33
33

PROPERTY FROM AN IMPORTANT PRIVATE EUROPEAN COLLECTION

Marc Chagall
NATURE MORTE
Estimate
4,000,0006,000,000
LOT SOLD. 4,737,500 USD
JUMP TO LOT
33

PROPERTY FROM AN IMPORTANT PRIVATE EUROPEAN COLLECTION

Marc Chagall
NATURE MORTE
Estimate
4,000,0006,000,000
LOT SOLD. 4,737,500 USD
JUMP TO LOT

Details & Cataloguing

Impressionist & Modern Art Evening Sale

|
New York

Marc Chagall
1887 - 1985
NATURE MORTE
Indistinctly signed M Chagall (on the reverse)
Oil on burlap
24 3/4 by 19 3/4 in.
62.9 by 50.2 cm
Painted in 1910-11.
Read Condition Report Read Condition Report

The Comité Chagall has confirmed the authenticity of this work.

Provenance

Dr. Girou, Marseilles (acquired by 1963)

Galerie Schmit, Paris

M. Knoedler & Co., Inc., New York (acquired from the above on March 28, 1966)

J. Irwin & Xenia S. Miller, Columbus, Indiana (acquired from the above on January 26, 1967 and sold by the estate: Christie’s, London, June 24, 2008, lot 13)

Acquired at the above sale

Literature

Franz Meyer, Marc Chagall, New York, 1963, no. 51, illustrated p. 746

Catalogue Note

Painted in 1910-11, Nature morte dates from a pivotal period in Chagall’s career. He had left his home in Vitebsk in 1910, travelling first to St. Petersburgh and then arriving in Paris in the summer of that year at the age of twenty. He later recalled this period of ferment and cultural interchange thus: “I came to Paris as though driven by destiny. Words that came from my heart flowed into my mouth. They almost suffocated me, I stammered. I came with thoughts and dreams such as one can only have when one is twenty.”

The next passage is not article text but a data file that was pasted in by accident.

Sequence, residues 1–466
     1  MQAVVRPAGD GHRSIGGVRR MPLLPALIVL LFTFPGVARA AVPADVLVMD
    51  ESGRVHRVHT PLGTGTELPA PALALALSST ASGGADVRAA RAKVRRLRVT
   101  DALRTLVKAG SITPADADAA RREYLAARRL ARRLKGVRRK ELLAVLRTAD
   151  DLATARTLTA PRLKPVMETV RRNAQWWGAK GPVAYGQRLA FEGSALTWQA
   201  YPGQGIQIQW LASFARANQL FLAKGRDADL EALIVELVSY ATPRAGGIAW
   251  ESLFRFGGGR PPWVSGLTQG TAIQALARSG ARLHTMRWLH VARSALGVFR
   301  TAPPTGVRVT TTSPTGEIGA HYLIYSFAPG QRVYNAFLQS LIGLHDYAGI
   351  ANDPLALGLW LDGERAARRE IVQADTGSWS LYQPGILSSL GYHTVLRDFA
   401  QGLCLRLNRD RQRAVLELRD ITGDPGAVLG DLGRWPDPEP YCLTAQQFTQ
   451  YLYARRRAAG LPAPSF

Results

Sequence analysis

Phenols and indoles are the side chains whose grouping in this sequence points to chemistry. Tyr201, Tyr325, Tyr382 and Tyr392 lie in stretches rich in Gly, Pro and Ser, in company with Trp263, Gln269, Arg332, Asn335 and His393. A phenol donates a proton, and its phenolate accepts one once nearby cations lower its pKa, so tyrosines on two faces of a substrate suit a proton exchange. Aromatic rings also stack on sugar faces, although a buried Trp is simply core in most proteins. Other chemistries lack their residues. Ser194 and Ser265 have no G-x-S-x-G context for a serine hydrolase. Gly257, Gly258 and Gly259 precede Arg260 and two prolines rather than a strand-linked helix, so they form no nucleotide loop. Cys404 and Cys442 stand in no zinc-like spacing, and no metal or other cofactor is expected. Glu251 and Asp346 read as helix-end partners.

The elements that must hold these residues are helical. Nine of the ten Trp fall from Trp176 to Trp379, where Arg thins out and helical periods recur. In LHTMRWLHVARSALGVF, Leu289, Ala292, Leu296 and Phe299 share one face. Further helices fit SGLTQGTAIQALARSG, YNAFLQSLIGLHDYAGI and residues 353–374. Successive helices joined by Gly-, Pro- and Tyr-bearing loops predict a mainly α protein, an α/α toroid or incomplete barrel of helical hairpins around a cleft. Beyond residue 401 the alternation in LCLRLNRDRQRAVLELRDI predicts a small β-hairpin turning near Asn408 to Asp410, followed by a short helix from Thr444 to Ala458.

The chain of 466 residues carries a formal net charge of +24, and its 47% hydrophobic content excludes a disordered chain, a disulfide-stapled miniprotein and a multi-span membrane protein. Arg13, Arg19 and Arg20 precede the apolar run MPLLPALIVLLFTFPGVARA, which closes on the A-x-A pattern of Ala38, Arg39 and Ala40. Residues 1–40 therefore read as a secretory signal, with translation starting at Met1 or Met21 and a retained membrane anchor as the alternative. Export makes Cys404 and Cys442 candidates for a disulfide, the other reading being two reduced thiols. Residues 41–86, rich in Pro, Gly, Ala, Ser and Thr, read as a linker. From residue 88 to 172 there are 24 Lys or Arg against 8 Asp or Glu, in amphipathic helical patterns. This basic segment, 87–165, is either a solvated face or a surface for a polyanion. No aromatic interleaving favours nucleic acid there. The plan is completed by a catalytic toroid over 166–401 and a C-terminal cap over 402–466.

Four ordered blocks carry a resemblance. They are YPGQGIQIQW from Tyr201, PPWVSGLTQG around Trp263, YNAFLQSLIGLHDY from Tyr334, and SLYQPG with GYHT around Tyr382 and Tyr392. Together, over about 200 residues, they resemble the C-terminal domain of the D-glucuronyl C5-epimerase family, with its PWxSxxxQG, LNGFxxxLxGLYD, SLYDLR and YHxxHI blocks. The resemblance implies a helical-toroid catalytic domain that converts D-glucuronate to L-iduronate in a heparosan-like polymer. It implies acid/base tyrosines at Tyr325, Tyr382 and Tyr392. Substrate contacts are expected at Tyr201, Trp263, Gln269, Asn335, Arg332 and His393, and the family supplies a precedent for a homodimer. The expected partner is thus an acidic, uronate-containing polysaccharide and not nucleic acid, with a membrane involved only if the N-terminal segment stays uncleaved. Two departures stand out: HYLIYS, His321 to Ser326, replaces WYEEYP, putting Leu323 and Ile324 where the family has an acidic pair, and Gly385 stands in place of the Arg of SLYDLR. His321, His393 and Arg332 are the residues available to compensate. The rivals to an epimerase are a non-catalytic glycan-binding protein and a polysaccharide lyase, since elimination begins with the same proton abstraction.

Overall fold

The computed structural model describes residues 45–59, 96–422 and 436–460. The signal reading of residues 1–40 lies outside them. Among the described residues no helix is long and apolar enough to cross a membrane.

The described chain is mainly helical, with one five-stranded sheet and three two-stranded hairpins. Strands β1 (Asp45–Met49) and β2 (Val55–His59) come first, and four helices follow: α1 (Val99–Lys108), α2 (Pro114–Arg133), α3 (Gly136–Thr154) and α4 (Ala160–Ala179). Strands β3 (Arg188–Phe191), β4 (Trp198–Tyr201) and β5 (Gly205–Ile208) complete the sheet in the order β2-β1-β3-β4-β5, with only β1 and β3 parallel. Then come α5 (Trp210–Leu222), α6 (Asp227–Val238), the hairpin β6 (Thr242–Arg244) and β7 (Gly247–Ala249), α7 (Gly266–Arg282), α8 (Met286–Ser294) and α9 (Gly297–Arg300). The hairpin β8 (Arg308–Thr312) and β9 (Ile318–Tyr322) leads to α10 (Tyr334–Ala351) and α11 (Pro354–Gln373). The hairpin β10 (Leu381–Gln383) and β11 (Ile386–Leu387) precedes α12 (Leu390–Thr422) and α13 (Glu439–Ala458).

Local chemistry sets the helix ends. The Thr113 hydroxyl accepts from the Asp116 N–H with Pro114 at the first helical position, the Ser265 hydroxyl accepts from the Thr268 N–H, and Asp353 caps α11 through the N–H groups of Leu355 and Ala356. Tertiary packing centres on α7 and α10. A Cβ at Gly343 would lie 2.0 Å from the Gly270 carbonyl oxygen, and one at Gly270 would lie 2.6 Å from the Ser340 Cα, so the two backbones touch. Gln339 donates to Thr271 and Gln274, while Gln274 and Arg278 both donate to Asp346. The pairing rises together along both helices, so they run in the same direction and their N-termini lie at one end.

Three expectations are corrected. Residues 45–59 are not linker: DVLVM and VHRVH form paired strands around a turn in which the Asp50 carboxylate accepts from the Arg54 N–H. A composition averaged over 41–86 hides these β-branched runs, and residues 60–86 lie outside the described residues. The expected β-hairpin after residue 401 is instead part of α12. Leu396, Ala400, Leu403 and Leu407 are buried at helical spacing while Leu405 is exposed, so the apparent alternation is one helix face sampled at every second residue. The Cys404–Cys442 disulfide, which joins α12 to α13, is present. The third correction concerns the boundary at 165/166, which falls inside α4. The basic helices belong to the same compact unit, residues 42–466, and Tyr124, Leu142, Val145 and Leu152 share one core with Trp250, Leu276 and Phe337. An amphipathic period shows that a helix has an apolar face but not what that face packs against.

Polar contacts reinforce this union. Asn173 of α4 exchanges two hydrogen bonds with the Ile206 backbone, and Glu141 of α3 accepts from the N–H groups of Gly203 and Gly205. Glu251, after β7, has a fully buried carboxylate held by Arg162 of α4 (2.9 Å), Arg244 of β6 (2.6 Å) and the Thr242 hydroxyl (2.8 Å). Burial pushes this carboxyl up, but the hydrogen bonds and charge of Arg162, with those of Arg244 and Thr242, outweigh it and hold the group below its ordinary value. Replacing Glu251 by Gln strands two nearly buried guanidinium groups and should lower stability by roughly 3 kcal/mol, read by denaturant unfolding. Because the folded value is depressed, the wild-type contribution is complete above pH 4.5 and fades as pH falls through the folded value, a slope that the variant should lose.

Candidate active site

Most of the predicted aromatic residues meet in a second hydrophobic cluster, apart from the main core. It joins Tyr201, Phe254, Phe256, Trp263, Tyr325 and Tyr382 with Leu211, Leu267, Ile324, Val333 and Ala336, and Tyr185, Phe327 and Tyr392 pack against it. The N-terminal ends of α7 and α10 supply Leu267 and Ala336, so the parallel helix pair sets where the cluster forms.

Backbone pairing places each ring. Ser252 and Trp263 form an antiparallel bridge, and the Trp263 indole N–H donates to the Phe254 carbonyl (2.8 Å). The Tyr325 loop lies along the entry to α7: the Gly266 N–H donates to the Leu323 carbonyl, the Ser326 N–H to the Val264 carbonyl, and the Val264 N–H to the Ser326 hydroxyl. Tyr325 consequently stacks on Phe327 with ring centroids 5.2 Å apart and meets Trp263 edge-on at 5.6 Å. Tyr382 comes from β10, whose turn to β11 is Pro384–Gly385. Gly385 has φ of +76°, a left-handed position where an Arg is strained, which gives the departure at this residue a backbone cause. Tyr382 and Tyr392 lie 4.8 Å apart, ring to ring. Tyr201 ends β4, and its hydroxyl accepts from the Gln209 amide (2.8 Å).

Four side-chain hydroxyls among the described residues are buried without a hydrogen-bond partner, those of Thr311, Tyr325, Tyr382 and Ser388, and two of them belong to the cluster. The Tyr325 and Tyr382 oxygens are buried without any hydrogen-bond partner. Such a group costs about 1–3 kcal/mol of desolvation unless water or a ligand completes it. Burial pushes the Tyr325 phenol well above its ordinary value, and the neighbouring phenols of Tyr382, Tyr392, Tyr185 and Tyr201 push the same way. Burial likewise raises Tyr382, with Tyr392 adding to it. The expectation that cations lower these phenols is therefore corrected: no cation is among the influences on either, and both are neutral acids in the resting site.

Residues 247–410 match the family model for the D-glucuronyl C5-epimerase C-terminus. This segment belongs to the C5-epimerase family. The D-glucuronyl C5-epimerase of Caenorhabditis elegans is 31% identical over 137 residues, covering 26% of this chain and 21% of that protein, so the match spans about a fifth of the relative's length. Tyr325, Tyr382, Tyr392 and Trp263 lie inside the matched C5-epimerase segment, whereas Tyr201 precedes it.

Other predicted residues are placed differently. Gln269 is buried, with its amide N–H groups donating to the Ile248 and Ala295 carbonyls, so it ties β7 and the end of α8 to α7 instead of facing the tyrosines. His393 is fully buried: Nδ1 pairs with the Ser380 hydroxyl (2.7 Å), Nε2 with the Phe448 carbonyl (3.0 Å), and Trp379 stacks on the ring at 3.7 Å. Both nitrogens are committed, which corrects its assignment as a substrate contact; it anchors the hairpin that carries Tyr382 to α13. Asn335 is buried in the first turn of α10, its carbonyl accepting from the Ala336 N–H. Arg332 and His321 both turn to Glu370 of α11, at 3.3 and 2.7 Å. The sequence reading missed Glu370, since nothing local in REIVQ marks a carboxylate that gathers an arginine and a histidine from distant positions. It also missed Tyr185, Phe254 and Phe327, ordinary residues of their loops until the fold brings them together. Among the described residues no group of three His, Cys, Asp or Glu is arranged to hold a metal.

Within two days of his arrival in Paris, Chagall had visited the Salon des Indépendants and there he saw the work of a panoply of contemporary French artists, including the Fauves and the Cubists. Paintings by Derain, Léger, Matisse and Picasso hung alongside the vibrant Orphist paintings of Delaunay, who was to become the mentor of Paul Klee, August Macke and Chagall himself. Very soon the artist had moved into lodgings in the legendary block of studios known as La Rûche on the rue Vaugirard in Montparnasse, a building famed for its lively bohemian atmosphere and its cosmopolitan array of inhabitants. Chagall lodged in the room next to Modigliani, and Soutine also lived in the building during Chagall’s time there. The poets Apollinaire, Blaise Cendrars and Canudo frequently visited the house, and in this milieu of spontaneity and rich cultural exchange, Chagall began his first period of painting in Paris.

Writing about the atmosphere in La Rûche at this time Chagall gives an evocative description: “The studio has not been cleaned for a week. Stretchers, eggshells, empty soup tins lie around in a mess…. On the floor reproductions of El Greco and Cézanne lie cheek by jowl with the remains of a herring, which I had cut in two, the head for the first day, the tail for the next, and – thank God – crusts of bread…. While in the Russian studios a slighted model can be heard sobbing, from the ateliers of the Italians comes the sound of guitars and singing, and from the Jews heated discussions. Meanwhile I am quite alone in my studio, working by my petrol lamp, surrounded by pictures painted not onto canvases, but rather onto tablecloths or my bedsheets or my shirts, which I have cut up. Two, three o’clock in the morning. The sky is blue – it is getting light. Somewhere they are slaughtering cattle, the cows are lowing, and I paint them” (quoted in J. Baal-Teshuva, Marc Chagall, 1887-1985, Cologne, 1998, p. 41).

In Nature morte, painted shortly after his arrival in Paris, an image of relative abundance is presented. A decorated jug, a blossoming potted plant and fruits in a bowl strain against the constraints of the canvas’s edges. The use of space in Nature morte shows the artist’s understanding of the principals of Cubism which currently enveloped the city of Paris.

Yet, Chagall as Simonetta Fraquelli writes: “did not share their [the Cubists] concerns for creating an alternative to the single point perspective of Western art. Just as he incorporated the flatness of Gauguin’s images or the heightened colours of Van Gogh, he employed Cubism’s formal and spatial procedures to develop his own personal narrative and expressive style. Cubism for him represented an artistic language for the expression of the world’s magic, the secret life of things, beyond mere functionality” (ibid, p. 16).

Impressionist & Modern Art Evening Sale

|
New York